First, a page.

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Protecting Yourself from Identity Theft
Protecting Yourself from Identity Theft

Tips and tools to help you keep your identity safe and secure.

How safe is your personal information? You may not think about it much but identity theft is the fastest growing crime in America, affecting nearly 10 million people each year – that’s 19 people every minute! From ATM skimmers to dumpster divers, identity thieves go to great lengths to steal your personal information, which can lead victims to experience a damaged credit score, theft of hard earned funds, unexpected bills, and even a possible criminal record.

The safety and security of our members' information is a top priority. MCU monitors for any type of suspicious activity to prevent confidential information from getting into the wrong hands.

There are easy ways to protect yourself from these types of crimes.

• Monitor Your Activity: Always keep tabs on all of your accounts by reviewing your statements monthly, and constantly monitoring your activity. Report any suspicious activity as early as possible. You can monitor your activity in two very important ways. First, activating account alerts can help to notify you when any kind of activity has been made on your account. This will help you to report any suspicious activity as soon as it happens. It is also important to check your credit score annually (you can check it for free once per year at www.annualcreditreport.com and look for inaccuracies or omissions.

• Go Green: Request eStatements and pay online whenever possible. By signing up for eStatements and online bill payment, you can avoid the risk of an identity thief going through your mail to obtain information. Also, shred all paper documents that contain sensitive information, including your SSN, date of birth, or other information that can be used to compromise the safety of your identity.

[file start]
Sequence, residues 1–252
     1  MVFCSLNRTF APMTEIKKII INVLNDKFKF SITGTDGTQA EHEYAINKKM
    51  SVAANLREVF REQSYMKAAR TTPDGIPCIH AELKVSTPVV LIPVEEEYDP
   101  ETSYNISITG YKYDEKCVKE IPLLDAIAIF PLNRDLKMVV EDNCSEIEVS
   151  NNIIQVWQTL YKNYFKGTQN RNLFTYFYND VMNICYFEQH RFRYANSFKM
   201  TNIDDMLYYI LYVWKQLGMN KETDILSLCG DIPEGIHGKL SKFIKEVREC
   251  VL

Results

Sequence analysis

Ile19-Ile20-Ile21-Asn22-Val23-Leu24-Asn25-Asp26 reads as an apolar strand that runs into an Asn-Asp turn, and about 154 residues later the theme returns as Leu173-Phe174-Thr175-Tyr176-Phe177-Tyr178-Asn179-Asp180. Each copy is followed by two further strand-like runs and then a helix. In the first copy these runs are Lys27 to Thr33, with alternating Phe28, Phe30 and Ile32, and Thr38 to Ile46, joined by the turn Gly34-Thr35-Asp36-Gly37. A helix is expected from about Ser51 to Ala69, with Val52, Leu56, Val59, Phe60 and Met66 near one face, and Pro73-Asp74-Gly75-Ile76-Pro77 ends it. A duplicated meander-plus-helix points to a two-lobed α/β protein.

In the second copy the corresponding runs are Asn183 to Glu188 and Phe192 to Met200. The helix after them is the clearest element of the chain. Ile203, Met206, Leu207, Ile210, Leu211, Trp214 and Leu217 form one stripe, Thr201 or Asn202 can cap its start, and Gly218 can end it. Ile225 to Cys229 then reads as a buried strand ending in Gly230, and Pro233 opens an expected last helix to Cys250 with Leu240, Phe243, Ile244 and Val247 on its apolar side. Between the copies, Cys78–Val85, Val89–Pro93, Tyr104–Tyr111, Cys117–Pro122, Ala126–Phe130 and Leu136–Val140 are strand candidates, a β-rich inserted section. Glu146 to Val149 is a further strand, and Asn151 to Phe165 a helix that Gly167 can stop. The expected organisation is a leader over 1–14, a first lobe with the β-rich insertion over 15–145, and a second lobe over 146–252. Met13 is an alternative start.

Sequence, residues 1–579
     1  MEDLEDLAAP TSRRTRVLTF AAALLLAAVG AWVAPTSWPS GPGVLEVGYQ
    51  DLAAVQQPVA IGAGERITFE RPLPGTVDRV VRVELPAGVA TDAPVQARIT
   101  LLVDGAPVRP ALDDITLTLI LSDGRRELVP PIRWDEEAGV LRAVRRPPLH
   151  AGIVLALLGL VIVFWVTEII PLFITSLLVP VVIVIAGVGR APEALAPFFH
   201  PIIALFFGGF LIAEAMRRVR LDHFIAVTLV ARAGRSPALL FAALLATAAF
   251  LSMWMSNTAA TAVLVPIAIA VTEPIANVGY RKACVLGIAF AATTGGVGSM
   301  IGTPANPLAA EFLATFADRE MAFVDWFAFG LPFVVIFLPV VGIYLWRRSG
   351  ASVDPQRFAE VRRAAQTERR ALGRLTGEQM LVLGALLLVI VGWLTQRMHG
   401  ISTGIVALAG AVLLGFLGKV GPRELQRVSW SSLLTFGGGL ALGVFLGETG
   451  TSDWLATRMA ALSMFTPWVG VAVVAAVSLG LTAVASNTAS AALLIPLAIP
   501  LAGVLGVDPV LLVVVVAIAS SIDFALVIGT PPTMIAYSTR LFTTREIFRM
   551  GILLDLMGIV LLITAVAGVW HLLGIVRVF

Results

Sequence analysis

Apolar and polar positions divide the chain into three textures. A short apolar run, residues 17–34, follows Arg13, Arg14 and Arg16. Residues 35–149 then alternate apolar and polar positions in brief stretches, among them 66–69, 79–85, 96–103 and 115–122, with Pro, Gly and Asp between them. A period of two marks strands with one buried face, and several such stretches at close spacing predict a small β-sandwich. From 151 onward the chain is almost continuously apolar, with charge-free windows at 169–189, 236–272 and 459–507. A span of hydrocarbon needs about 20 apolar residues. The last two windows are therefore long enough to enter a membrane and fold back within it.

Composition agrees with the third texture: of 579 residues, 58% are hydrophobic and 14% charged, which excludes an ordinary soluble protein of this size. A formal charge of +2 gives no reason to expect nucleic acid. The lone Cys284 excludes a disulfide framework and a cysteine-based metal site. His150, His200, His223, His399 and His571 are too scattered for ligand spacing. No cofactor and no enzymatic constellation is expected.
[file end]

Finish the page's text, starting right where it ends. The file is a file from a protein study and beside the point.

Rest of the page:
• Don’t Take the Bait: Many identity thieves will imitate a trustworthy source and try to bait you into giving personal information. This can be done over the phone, by email, text, on social media sites, online job applications, or by getting you to click on unfamiliar links from sources you trust. These are “phishing” scams that trick people into sharing personal information; avoid giving out personal information as much as possible.   

• Be Private in Public: When using a public computer (office, library, etc.), make sure you delete any personal documents on the desktop before logging off. Also make sure to delete your Internet browsing history, and never use your credit or debit card to make online purchases on public computers.

• Use Caution at the ATM: Make sure to be alert whenever using an ATM. Free-standing ATMs (ATMs that can be accessed without entering through a locked door or aren’t part of a reputable financial institution) are at high risk for identity thieves to attach skimming devices, so avoid them whenever possible. Never keep your ATM card and PIN together, and never tape your PIN to your ATM card. Be aware of any suspicious persons trying to “shoulder surf” (looking over your shoulder as you key in your PIN).

• Leave your personal information at home. Carrying important documents like your social security card in your wallet or purse is unwise. If it gets lost or stolen, your personal information may be in the hands of an individual who can use it against you.

• Get creative with your passwords. Passwords serve to protect your personal information but if you make them too easy and use information like your birthday, mother’s maiden name, or street address – a criminal who already has access to your information can take educated guesses and hack into your accounts more easily. You need to be able to remember your passwords, but it’s better to get creative than use obvious information.

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